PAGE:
Enter your mobile number or email address below and we'll send you a link to download the free Kindle App. Then you can start reading Kindle books on your smartphone, tablet, or computer - no Kindle device required.
To get the free app, enter your email address or mobile phone number.
|New from||Used from|
Each war has its signature wound, and in America's latest wars, it carries the prefix "poly," writes Glasser (Another War, Another Peace), a former U.S. Army Medical Corp major . In this deftly written and researched account, he explains that because so many more soldiers survive their wounds today than did in Vietnam, they often suffer from multiple injuries requiring "poly-trauma units." Glasser describes how improvised explosive devices in Afghanistan and Iraq blow off limbs, wreak havoc on internal organs, and cause devastating concussive brain damage--the signature injuries of our new wars. Glasser points out that today's wars with new weapons, new injuries, and new treatments all add up to "new suffering" for soldiers. He also focuses on the "Band of Sisters" in the new wars whose major cause of PTSD once was sexual harassment and now is combat. The weight of Glasser's research is compelling. But his powerful telling of these wounded warriors' stories is more than enough reason for a nation to read and react. (June)
Ronald Glasser's book is an argument for a choice between two stark, inescapable courses of action: call up a national draft and put everything we've got into the fight, or withdraw our forces from Southwest and Central Asia -- or to use his phrase, the "Edge of Empire." The paradigm shift between our presence in Indochina and our multiplex of wars these days is best reflected by the fact that the enemy used to shoot. Today, soldiers get blown up. And that is a fundamental difference, Dr. Glasser says. It seems that this veteran Army medic takes the image of exploded bodies as a larger metaphor for what is going on: everything is blowing up in our face and we have no plan.
One decade after the beginning of a global war of undefined scope and duration against a protean foe that could hardly care less about the next American election cycle, the United States as a society is not at war -- only its allegedly all-volunteer Armed Forces and military families who have carried the entire burden for this Ten Years War, what some have called a crusade against evil that may simply be freedom enduring the sweeping dust over the "Graveyard of Empires." Since the weight of the fight is almost entirely borne by a sliver of the population, Glasser raises the question of a draft directly and forcefully. He writes that "even after a decade of fighting, with the volu --Publishers Weekly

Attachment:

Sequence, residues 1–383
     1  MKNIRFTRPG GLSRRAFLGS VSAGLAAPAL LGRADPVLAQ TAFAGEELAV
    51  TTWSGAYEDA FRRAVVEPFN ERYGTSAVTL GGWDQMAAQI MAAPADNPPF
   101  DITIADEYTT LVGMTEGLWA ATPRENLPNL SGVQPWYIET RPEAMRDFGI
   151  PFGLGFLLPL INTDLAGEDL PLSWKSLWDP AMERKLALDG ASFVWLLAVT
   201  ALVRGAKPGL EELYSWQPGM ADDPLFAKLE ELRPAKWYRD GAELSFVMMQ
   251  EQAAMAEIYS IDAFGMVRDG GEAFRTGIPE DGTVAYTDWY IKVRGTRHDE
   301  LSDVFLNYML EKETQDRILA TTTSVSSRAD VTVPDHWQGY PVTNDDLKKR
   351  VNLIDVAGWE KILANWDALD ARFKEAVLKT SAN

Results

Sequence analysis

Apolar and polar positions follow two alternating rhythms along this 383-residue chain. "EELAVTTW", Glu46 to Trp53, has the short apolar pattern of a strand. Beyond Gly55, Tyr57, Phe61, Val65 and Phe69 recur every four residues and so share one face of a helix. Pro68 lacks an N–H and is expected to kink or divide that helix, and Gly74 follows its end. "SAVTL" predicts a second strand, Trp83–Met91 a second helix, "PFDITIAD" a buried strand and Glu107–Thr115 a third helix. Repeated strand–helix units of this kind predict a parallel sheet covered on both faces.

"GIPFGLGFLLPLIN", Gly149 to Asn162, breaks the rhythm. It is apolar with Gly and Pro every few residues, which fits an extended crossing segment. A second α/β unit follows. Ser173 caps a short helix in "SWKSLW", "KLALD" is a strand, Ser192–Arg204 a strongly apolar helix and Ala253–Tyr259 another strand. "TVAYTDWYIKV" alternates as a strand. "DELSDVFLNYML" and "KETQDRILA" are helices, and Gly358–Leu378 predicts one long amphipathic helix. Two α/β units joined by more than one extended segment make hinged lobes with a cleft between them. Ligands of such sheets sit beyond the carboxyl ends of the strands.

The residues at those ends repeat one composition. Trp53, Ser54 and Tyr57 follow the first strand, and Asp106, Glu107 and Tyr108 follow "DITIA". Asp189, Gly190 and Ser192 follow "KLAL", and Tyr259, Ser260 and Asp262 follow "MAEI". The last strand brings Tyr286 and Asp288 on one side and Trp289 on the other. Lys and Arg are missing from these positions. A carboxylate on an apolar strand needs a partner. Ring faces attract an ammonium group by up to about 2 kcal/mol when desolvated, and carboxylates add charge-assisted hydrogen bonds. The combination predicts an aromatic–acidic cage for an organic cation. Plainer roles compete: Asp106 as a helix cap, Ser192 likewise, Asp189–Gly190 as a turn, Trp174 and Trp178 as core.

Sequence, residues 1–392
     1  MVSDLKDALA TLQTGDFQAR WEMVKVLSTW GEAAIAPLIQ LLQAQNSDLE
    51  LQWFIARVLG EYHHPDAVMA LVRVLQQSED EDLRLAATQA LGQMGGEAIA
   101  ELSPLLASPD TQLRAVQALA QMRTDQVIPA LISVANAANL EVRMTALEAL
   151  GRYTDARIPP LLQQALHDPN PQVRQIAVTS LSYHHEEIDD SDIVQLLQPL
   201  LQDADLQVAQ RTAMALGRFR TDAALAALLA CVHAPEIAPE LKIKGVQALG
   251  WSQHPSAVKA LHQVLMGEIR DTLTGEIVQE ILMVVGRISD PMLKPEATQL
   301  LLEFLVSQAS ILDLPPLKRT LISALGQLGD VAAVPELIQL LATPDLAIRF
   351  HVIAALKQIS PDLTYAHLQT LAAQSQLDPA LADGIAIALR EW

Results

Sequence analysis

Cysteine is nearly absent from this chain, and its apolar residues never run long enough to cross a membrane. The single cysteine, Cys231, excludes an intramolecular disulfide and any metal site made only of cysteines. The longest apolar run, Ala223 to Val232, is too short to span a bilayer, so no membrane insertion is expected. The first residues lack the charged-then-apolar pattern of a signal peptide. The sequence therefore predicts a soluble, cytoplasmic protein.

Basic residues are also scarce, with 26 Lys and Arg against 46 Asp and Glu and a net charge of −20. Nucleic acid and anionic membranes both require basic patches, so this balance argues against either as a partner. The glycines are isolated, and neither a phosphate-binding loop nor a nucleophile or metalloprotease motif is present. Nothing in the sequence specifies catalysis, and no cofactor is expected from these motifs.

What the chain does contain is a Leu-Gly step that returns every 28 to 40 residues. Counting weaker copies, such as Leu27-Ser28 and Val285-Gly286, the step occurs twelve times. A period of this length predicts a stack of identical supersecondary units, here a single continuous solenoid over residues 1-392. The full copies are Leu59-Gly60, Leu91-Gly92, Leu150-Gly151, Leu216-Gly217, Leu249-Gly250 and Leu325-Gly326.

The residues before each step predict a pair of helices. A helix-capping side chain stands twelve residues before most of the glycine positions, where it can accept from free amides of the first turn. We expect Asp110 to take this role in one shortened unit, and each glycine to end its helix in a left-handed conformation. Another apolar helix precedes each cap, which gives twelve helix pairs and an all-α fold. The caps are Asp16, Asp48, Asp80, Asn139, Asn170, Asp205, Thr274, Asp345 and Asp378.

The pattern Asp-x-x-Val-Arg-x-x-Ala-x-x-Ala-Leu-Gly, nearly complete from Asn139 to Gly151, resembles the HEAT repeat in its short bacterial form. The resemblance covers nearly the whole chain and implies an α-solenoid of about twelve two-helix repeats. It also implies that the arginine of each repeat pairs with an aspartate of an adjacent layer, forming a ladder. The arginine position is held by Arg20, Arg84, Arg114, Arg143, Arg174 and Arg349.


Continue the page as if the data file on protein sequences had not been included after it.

Pediatrician Glasser, whose best-selling 1971 memoir, 365 Days, recounted his experiences as an army physician during the Vietnam era, updates his earlier observations with this disturbing exploration of the medical aspects of the Iraq and Afghanistan conflicts, where explosives are the enemies' weapons of choice. Survivors of these improvised explosive devices (IEDs) and suicide bombs may suffer massive injuries, amputations, and brain damage, requiring years, if not lifetimes, of expensive treatment. Other explosive injuries to the brain are subtle and difficult to detect without advanced imaging equipment. Glasser argues convincingly that the effects of surviving repeated shock waves contribute to soldiers' and veterans' high rates of prescription drug addiction, suicide, and debilitating post-traumatic stress syndrome. The tragic human cost of such injuries is paralleled by our mounting financial obligation to provide lifelong care for the ever-growing number of returning soldiers. VERDICT Glasser writes with a passion that challenges those who might wish to avoid the harsh medical and social costs of current warfare. General readers will find themselves engrossed in his accounts of the spirit, creativity, and heroism of our soldiers and the medics, nurses, and physicians who care for them.
-Kathy Arsenault, St. Petersburg, FL
Dr Glasser continues his most informative travels through the jungles of Vietnam to the mountains of Afganistan. Read morePublished 1 month ago by Bill Wetter
This book reads more like a series of unconnected essays than a book with a central thesis. The author jumps all over the place, talking about the treatment of traumatic wounds,... Read morePublished 2 months ago by An American Reader in New Zealand
Ron Glasser, M.D. has written a book that goes back to his experience as a doc in the Vietnam War and comes for the present conflicts our troops are deployed. Read morePublished on September 23, 2013 by Amazon Customer
Very credible read. If the reader is looking first hand experiences involving what medical doctors and psychologist are facing in regards to treating and healing modern and past... Read morePublished on September 3, 2013 by Lawrence Knapp
Since 365 days, nobody tells a war story better in terms of the humanity involved than Ronald Glasser. Every politician should be required to read this book once a year.Published on August 12, 2013 by Phil
Dr. Glasser recounts the signature wounds of our recent wars. And of course better medical care and quicker response via helicopter means more surviving wounded and disabled that... Read morePublished on August 11, 2013 by Dave Dittemore
I have always been a Veterans advocate, being one myself. This book has helped me understand more about PTSD and related brain injuries that plague our soldiers. Read morePublished on June 12, 2013 by M. Dolan
I like the approach Dr. Glasser, MD has taken in discussing the tough decisions medical personnel must make in war situations. Read morePublished on June 7, 2013 by James O. Morris